Transitions to fatherhood: a constructivist grounded theory study

HODGSON, Suzanne (2021). Transitions to fatherhood: a constructivist grounded theory study. Doctoral, Sheffield Hallam University.

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Fathers who are involved with their infants have the potential to make significant positive contributions to their children’s future health, wellbeing, and development. Transitions to fatherhood and the factors that shape those experiences, for some men, are poorly understood. There is a need for an improved awareness of the experiences of first-time fathers to inform policy and practice and improve support and outcomes for these men and their families. The primary aim of this work was to explore contemporary transitions to fatherhood. To this end, a constructivist grounded theory study (CGTM) was undertaken. Twelve new fathers were recruited in the North of England and data were gathered from semi-structured interviews where participants shared their experiences and perspectives of becoming fathers for the first time. Concepts relating to becoming and being fathers were explored in addition to fatherhood identity development. Following analysis of the data via processes fundamental to CGTM, the core category of reconciling father identities was constructed consisting of three theoretical categories: anticipating fatherhood, tensions in fathering and the fluidity of fathering. All participants had strong aspirations for involved fathering performances and took steps to prepare for their new roles. However, they faced various tensions in the workplace, in healthcare and in the normative, often traditional, expectations influenced by social and structural gendered norms. The father roles that they were ascribed by others frequently did not fit with their aspirations during pregnancy and the early months as fathers. They therefore found themselves working through periods of identity reconciliation which impacted upon their self-concept as fathers, their parenting confidence, and their parenting autonomy. Broader consideration of the needs of fathers is required across the arenas in which they perform fatherhood to support the development of positive father identities. This has the potential to benefit the wellbeing of the men themselves, their partners, and their infants. The implications for workplace, healthcare policy and practice are offered including suggestions for future research.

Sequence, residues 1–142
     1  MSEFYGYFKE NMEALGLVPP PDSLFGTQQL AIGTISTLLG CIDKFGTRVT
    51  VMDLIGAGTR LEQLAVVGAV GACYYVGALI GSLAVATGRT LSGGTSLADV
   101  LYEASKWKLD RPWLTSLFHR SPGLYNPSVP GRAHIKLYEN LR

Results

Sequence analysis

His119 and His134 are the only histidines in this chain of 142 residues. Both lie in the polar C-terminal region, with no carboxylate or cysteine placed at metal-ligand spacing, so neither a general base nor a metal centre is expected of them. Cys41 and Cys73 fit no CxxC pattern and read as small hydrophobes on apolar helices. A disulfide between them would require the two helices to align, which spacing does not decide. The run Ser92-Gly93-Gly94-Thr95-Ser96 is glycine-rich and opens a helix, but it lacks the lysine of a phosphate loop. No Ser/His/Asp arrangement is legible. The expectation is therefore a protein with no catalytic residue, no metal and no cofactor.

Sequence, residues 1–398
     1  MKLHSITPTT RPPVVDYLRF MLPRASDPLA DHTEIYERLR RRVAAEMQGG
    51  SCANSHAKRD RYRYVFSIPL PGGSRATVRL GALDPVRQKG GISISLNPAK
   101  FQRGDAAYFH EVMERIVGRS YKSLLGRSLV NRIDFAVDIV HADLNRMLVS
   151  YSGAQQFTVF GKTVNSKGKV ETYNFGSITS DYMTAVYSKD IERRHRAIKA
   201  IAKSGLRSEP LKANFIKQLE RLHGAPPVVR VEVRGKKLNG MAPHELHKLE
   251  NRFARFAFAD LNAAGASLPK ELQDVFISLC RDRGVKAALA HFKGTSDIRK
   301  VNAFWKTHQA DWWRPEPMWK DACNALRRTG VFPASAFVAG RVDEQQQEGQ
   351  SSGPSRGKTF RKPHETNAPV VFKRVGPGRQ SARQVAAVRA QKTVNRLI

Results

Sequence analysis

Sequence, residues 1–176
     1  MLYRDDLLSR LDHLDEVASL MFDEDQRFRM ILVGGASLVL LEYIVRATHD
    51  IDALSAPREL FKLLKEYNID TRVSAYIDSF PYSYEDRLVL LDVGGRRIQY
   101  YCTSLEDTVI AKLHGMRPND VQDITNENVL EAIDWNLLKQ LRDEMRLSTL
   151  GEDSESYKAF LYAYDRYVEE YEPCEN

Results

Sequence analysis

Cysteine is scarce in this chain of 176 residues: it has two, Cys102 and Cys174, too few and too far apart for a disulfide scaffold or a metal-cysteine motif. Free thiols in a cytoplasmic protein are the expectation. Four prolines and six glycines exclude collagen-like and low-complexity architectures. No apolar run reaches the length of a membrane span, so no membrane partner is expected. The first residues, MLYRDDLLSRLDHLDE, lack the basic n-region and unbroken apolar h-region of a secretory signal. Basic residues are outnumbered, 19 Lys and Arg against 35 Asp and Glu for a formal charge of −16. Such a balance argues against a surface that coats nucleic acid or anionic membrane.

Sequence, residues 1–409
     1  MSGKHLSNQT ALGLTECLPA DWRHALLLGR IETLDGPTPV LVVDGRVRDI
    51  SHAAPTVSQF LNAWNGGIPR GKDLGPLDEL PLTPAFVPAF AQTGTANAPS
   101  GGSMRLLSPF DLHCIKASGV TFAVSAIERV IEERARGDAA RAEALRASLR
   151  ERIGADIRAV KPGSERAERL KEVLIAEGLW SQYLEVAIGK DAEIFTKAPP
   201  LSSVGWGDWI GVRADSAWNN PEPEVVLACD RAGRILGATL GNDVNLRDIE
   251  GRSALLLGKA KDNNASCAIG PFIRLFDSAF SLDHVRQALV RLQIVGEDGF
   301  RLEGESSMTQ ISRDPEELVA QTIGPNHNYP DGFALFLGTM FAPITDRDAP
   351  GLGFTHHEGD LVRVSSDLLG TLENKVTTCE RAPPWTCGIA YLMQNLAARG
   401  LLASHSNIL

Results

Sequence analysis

Item Type: Thesis (Doctoral)
Thesis advisor - Kilby, Laura [0000-0002-9766-1985]
Additional Information: Director of studies: Dr. Laura Kilby
Research Institute, Centre or Group - Does NOT include content added after October 2018: Sheffield Hallam Doctoral Theses
Identification Number:
Depositing User: Colin Knott
Date Deposited: 03 Dec 2021 17:03
Last Modified: 03 May 2023 02:07

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